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What are some perks of attending an all women's college?

Almostout2k19Almostout2k19 36 replies2 postsRegistered User Junior Member
I just wanted to know what the pros and cons were verses attending a co-ed college? What does the future of all women's colleges look like?
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Replies to: What are some perks of attending an all women's college?

  • damon30damon30 1147 replies5 postsRegistered User Senior Member
    One advantage of a women's college is that it is easier for a student interested in a traditionally "male" field to complete a degree in that field.

    Wellesley and Mount Holyoke have well-regarded CS programs: https://www.ivyachievement.com/computer-science-rankings
    It is notable that despite completely different methodology, all but two of the IvyAchievement CS Top 40 schools are in the U.S. News top 52, if they are ranked. Schools in the IvyAchievement CS Employment Top 40 not ranked by U.S. News include two co-ed liberal arts colleges (Harvey Mudd and Pomona College); women’s liberal arts colleges (Wellesley and Mount Holyoke); two state universities in California (San Jose State and Cal Poly); and two private universities in major tech hubs (Santa Clara University and Seattle University). Because these schools are not ranked by U.S. News, we believe they are overlooked by aspiring computer science applicants, especially international applicants who may be less familiar with non-flagship state schools and liberal arts colleges.

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  • yauponreduxyauponredux 717 replies25 postsRegistered User Member
    To add to @Midwestmomofboys posted, women’s colleges not only develop confidence in their students, they attract confident, determined, goal-oriented students because these days, choosing a women’s college is not the typical path. Enrolling in a women’s college means a young woman is already extraordinary because she is willing to take a risk and is not completely preoccupied with what her HS friends are going to think about her choice . Studying in the company of other high-achieving women was a tremendous experience for me, and I made lifelong friendships (just spent time with two of my Hollins classmates when I was traveling halfway across the country).
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  • MidwestmomofboysMidwestmomofboys 3985 replies27 postsRegistered User Senior Member
    edited April 23
    I should add -- I attended my women's college because of finances -- it was my safety school for admissions and finances. I had an incredible education, had amazing opportunities to grow, and formed life long friendships.
    edited April 23
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  • HiToWaMomHiToWaMom 1383 replies16 postsRegistered User Senior Member
    I cannot agree with above comments more.

    At women's colleges, wherever you look, the leaders are all women --- clubs, associations, researches, committees, school government, etc. etc.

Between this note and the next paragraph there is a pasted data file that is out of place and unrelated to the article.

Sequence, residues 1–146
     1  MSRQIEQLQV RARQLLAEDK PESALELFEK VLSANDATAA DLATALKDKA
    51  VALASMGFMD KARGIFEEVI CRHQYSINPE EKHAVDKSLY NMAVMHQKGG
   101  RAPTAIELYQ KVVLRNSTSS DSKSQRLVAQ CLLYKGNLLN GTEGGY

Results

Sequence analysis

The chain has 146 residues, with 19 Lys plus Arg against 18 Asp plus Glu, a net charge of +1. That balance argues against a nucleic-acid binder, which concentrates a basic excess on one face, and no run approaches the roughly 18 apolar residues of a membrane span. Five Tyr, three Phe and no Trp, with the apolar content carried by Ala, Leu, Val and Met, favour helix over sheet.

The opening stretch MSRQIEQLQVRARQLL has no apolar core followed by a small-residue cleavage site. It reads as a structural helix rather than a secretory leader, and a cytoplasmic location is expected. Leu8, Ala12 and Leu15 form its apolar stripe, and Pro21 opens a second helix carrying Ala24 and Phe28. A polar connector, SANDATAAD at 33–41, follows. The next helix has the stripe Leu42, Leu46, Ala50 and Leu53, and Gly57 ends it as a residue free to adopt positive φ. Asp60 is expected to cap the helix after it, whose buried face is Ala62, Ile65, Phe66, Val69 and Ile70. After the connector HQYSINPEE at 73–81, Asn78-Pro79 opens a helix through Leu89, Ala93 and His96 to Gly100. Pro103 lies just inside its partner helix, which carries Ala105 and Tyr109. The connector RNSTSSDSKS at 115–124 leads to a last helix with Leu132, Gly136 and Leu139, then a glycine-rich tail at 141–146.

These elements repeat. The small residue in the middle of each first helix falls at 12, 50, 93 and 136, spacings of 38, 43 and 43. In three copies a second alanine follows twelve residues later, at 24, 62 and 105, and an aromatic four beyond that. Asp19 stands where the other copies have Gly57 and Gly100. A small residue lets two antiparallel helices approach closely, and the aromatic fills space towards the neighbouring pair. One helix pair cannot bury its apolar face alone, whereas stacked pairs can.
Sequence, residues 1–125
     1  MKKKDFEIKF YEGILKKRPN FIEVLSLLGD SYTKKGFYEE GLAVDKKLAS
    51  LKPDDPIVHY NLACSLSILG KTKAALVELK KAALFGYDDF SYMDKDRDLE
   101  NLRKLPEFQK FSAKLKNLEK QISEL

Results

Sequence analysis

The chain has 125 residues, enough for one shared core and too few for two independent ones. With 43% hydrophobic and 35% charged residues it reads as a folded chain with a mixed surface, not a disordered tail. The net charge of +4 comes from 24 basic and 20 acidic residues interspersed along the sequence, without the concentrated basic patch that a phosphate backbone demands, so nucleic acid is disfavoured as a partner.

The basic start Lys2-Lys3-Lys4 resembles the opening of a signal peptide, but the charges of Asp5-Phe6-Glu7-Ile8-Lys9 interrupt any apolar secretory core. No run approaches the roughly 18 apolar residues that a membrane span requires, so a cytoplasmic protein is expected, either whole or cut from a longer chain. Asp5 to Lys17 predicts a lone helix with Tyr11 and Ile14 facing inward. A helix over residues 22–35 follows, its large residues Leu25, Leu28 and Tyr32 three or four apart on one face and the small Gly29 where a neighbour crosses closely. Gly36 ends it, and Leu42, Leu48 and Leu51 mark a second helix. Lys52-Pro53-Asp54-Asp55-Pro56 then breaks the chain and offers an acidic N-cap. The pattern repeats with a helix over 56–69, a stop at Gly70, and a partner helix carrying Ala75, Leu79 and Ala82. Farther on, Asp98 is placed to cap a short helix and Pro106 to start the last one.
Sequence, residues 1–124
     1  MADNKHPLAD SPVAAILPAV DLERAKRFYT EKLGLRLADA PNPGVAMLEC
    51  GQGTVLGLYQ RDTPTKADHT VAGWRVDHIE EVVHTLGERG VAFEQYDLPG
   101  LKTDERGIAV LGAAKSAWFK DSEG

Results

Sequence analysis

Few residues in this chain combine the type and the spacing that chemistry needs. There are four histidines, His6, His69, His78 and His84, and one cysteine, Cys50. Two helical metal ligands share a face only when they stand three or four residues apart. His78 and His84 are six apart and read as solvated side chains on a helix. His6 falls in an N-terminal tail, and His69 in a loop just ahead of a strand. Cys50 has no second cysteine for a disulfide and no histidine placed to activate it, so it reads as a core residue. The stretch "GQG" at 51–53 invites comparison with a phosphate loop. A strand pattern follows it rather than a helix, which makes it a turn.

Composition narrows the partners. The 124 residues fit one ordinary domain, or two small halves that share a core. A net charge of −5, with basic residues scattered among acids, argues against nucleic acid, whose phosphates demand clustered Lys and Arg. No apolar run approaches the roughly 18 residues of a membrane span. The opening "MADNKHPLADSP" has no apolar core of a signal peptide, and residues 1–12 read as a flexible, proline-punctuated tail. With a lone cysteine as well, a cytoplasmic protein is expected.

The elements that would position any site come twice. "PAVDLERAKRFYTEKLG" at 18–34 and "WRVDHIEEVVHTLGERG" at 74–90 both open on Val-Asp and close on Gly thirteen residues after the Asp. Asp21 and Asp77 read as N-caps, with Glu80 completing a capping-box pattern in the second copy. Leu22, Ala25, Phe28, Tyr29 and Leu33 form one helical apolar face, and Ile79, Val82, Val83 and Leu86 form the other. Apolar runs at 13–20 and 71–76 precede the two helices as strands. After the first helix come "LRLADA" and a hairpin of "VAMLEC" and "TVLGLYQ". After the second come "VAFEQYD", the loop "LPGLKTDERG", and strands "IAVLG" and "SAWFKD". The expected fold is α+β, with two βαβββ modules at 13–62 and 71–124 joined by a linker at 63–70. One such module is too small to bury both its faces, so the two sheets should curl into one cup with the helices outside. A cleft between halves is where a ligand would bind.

Traditionally, these roles have been assigned to male students (although it's changing).

    At women's colleges, students are reminded that they can take on these leadership roles without male presence and that is a huge confidence boost whereas at co-ed schools, female students might fall into secondary/assisting roles and might take it for granted or not even question about it.
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  • SophleySophley 379 replies2 postsRegistered User Member
    I graduated from a women’s college two decades ago. On the night I moved into my dorm, I had almost a dozen guys in my dorm room from Washington and Lee University. First one on the floor to have a party. Boys will be around!

    I appreciate that I had a chance to build strong lifelong friends with some very smart women. And it was nice that guys weren’t in the way of my education. I could focus fully on what I wanted Monday thru Friday at noon and then focus on fun on the weekends. Less drama. Less complications. I still had boyfriends at nearby schools but they weren’t the central focus of my life. Best yet, I found my own voice and grew in confidence because I was surrounded by strong women and leaders.
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  • lookingforwardlookingforward 33093 replies358 postsRegistered User Senior Member
    edited May 27
    It's not just that women are the leaders, it's that men aren't usurping the leader roles, based on some inexplicable tendency to confer authority to males. When Vassar went coed, I remember reports on how quickly the balance in leadership shifted to males.

    And it's not all about boys being around, on weekends or whever. Sure they are. But it's a different mindset, imo. And that can carry through life.
    edited May 27
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  • MinivanmummyMinivanmummy 1 replies0 postsRegistered User New Member
    I think it depends on what you are looking for. Some of the benefits of Women's colleges are obviously that there is the freedom to express yourself without having to censor what you say, for fear of retaliation from male students. As a Mills college graduate, I found that there was immense women empowerment, building of sisterhood and a solid focus on the academics.
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